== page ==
Saturday, December 30, 2017

Imagine hearing the "Final Jeopardy" theme music, forever?

Just recently, I dropped off another juror questionnaire and am awaiting that demand to appear notice to arrive in my mail. Bear in mind, it doesn't make much sense to pursue the death penalty in a state that has not executed anyone, since October 2013. The likelihood of future executions are on hold, indefinitely. Pinal County and the State of Arizona should think of the taxpayers, first. 

Trial delayed in 2015 Maricopa double-murder case

No plea agreement was reached, as expected by James Mannato, one of Valenzuela’s attorneys. He said more time is needed to try and negotiate with the state. It’s possible the case could be resolved without going to trial, he added. The parties may set a new trial date for Valenzuela at his next court date in late January. Maricopa Monitor

Special prosecutor selected by Navajo County for two murder cases in Pinal

Navajo County was asked to step in and take over prosecution of Jose Ignacio Valenzuela and Arturo Jimenez after it was determined that the election of County Attorney Kent Volkmer created apparent conflicts of interest in a number of matters. Volkmer, a defense attorney prior to his election, or one of his former law partners was involved in the representation of some defendants whose cases are being heard in Pinal County Superior Court; in the Valenzuela case, Volkmer had been representing the defendant’s son, according to prosecutor Vince Goddard at a hearing in January. Maricopa Monitor

Tuesday, July 18, 2017

Defense Attorney: Client had no motive to kill the victims. Don't buy it.

One doesn't actually need a motive to commit murder. Remember, we're not watching "Murder She Wrote" or some other fictional TV nonsense. This is the real world. The best thing that can happen to the taxpayers of Pinal County would be Jose Valenzuela falling down some stairs and breaking his neck in jail. A wrongful death settlement would still be cheaper, than this sure to be circus trial, followed by decades of appeals.

Attorneys in Maricopa double-murder case squabble about talking to the press

Gary Husk, the Navajo County prosecutor assigned to litigate Jose Valenzuela, whose accused of murdering a Maricopa couple two years ago, took issue with comments the defendant's lawyer recently made to PinalCentral and the Casa Grande Dispatch. Maricopa Monitor

Locals shocked by gruesome details

One woman, who declined to give her name, said the details of the case have made her afraid to continue living in the neighborhood. Drugs, crime and strange activity, like stolen gas from her vehicles in the previous month, have put her on edge. “Someone needs to do something about this area,” she said. The woman said she plans on packing up and moving soon. CG Dispatch

Friday, June 2, 2017

Same old Story: Dope Fiends and Thugs

As summer rapidly approaches, my neighborhood has, once again, been invaded by the "Meloneros," who pick cantaloupes, by day and get drunk and stoned at night. It should come as no surprise that gang activity and drug use is on the rise. This is most certainly the benefits and byproducts of living in a multicultural society. Try to remember, "Diversity is our strength." Also keep in mind, "tolerance" is how much of something you can take, before it kills you.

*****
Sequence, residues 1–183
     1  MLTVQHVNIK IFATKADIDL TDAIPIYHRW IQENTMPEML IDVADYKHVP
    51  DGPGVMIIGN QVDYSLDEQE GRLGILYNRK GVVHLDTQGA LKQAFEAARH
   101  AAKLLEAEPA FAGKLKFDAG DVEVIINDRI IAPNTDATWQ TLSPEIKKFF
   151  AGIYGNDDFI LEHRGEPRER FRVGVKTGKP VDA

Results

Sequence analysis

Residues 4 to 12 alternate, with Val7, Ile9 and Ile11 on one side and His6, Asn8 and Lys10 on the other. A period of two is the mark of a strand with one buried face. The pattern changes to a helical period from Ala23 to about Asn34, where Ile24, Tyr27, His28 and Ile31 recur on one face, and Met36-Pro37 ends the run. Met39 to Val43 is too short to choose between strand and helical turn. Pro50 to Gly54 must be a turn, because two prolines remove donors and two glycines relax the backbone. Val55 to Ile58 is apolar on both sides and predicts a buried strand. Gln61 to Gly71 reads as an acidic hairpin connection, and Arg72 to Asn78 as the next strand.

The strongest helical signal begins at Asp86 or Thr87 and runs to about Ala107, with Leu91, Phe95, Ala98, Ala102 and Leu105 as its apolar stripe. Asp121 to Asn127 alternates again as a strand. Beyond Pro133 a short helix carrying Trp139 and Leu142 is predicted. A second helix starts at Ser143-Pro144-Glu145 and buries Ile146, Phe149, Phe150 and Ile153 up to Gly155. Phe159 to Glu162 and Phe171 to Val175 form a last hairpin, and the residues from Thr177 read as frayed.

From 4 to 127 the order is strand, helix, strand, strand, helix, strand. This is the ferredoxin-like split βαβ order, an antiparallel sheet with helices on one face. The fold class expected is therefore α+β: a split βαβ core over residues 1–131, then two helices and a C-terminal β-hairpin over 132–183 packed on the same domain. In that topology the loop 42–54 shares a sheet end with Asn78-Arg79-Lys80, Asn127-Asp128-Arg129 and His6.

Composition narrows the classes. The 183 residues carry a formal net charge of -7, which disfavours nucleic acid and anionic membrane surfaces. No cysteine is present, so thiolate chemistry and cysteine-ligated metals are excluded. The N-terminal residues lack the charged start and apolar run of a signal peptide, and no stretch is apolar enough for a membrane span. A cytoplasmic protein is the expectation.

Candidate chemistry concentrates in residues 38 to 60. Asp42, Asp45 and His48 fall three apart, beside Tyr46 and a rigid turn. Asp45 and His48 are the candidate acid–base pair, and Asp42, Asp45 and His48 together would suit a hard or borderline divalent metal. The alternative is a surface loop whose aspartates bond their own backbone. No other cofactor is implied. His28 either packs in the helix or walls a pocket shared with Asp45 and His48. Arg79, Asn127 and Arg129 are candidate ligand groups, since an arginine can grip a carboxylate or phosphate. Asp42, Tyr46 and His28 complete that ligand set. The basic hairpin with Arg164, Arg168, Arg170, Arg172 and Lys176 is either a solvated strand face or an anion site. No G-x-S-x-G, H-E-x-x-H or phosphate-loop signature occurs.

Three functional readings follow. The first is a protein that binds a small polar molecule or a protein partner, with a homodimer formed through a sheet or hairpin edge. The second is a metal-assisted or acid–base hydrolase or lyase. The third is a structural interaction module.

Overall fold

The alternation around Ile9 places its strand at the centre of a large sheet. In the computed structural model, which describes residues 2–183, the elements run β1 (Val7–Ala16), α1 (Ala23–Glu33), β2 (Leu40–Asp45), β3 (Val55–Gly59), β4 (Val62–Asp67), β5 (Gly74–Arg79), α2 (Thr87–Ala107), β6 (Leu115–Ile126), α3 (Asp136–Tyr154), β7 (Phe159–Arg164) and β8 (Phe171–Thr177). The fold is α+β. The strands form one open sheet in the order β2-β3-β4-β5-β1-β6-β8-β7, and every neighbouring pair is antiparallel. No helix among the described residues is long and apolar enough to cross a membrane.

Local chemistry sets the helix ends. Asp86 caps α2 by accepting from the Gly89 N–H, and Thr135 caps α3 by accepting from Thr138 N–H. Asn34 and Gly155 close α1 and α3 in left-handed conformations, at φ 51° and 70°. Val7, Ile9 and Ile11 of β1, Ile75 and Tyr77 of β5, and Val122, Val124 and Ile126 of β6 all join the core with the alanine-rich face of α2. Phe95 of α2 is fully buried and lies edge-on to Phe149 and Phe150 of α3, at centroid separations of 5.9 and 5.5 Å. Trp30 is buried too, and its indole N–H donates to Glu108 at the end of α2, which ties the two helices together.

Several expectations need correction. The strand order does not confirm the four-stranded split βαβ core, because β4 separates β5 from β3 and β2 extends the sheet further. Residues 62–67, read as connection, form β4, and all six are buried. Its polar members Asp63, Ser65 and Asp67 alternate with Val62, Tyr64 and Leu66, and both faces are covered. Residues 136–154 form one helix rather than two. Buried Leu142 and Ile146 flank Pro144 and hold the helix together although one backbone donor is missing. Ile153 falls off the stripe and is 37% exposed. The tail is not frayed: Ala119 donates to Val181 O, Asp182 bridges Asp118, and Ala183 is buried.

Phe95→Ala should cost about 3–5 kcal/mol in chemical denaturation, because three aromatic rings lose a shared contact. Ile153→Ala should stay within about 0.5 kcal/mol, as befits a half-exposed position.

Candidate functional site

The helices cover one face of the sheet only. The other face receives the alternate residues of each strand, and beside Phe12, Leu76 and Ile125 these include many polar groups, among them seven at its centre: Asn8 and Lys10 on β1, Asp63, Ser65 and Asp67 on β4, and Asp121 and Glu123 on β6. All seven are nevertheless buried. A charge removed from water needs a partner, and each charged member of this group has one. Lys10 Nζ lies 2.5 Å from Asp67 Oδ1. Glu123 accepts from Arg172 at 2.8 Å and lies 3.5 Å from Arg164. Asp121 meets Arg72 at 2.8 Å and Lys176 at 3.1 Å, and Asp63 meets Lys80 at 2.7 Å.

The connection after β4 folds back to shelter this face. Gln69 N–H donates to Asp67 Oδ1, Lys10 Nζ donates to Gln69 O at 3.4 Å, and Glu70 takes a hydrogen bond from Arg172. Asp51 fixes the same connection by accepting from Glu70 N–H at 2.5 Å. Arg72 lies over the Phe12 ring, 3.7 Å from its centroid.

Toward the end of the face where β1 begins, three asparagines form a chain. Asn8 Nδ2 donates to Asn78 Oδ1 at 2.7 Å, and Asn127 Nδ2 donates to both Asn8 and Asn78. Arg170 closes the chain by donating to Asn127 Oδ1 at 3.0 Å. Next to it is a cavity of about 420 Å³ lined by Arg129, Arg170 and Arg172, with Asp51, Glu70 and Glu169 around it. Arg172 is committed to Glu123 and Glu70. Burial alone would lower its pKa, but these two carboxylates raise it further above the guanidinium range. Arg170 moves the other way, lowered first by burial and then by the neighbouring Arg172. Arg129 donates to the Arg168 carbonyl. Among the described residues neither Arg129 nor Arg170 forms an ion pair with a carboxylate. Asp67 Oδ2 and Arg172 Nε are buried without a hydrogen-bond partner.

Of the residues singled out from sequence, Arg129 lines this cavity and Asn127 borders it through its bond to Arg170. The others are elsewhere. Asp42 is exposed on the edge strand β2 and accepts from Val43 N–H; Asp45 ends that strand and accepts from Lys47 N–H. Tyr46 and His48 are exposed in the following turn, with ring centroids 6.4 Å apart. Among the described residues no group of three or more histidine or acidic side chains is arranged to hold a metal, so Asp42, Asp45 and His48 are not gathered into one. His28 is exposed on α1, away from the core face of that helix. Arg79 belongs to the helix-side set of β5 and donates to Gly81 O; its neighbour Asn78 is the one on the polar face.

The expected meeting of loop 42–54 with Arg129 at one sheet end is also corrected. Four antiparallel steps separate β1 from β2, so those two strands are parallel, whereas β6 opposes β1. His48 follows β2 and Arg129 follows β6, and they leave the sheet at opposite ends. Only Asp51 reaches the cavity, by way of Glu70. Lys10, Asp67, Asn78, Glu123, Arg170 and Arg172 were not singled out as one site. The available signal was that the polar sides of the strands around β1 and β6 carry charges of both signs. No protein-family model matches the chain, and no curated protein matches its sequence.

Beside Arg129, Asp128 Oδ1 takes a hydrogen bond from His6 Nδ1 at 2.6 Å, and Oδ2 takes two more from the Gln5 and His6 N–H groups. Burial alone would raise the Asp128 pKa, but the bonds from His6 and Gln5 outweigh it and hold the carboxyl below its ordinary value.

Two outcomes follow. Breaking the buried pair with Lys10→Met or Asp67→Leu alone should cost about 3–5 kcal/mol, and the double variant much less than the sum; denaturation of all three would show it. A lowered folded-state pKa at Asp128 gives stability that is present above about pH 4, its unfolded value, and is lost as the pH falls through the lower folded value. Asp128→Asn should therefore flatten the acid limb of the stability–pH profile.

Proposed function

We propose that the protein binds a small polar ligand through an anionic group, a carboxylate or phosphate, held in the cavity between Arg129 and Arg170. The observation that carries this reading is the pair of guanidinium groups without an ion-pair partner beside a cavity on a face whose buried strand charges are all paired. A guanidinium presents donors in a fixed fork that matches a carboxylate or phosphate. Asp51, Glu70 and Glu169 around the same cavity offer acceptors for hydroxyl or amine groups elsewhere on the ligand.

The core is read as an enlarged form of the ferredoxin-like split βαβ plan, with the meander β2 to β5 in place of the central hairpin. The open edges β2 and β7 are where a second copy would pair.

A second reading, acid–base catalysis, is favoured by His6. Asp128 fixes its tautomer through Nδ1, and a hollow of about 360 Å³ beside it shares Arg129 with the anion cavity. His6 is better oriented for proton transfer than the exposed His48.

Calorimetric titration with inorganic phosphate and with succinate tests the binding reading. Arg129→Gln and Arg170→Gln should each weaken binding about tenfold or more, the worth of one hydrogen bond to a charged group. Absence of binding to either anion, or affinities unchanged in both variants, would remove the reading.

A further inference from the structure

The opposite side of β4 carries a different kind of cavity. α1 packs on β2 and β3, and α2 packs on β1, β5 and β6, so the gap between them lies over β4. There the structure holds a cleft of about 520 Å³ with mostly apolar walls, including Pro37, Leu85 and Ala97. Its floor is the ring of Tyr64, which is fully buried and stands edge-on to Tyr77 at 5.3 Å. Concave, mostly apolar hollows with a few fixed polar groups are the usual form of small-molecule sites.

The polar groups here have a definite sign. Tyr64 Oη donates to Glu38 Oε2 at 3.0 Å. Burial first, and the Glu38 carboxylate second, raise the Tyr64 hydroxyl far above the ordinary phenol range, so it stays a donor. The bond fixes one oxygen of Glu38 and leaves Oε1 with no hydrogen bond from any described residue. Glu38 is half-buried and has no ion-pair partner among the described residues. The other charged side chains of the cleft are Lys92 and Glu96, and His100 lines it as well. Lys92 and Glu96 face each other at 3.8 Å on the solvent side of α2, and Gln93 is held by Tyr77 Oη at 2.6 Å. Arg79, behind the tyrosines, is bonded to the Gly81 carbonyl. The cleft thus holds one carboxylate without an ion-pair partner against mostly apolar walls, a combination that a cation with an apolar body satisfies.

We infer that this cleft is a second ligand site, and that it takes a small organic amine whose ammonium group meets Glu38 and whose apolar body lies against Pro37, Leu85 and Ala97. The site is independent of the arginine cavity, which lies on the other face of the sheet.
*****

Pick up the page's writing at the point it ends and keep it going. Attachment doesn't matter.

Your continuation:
Youth gang activity higher in Pinal than Phoenix, Tucson

Friendship and making money were the top two reasons Pinal teens gave for wanting to join a gang. Statewide, friendship had been the most common reason for youth gang membership but the trend has shifted more toward making money over the last four years. Full Story

More Arizonans are dying from opioid use

The increase occurred even as state officials made it a top priority to combat the opioid epidemic. Gov. Doug Ducey put a limit on prescription painkiller prescriptions for people on Medicaid, and Phoenix implemented a program that lets addicts turn in their drugs to a local police precinct and get treatment. 12News

Friday, February 24, 2017

Iraqi refugee still hasn't gone to trial

The Iraqi refugee an accused murderer and Casa Grande, Arizona Social Security office bomber, Abdullatif Aldosary, may run the risk of dying of old age, before he manages to get to trial. Should anyone be deprived of their right to a speedy trial? Or does "speedy" include five or more years? Looking on the bright side, he received five years in federal prison on convictions, stemming from the from the Social Security office bombing.

Death penalty no longer sought in Maricopa shooting, CG bombing

The Pinal County Attorney's Office will no longer seek the death penalty against the Iraqi refugee accused of detonating a homemade bomb at the Social Security office in downtown Casa Grande just days after shooting a man in Maricopa.

Abdullatif Aldosary refused to appear before Pinal County Superior Court Judge Joseph Georgini yet again on Friday morning. He faces a litany of severe charges based on the 2012 incidents, and he has already been found guilty in federal court for being a felon in possession of firearms and ammunition. Dispatch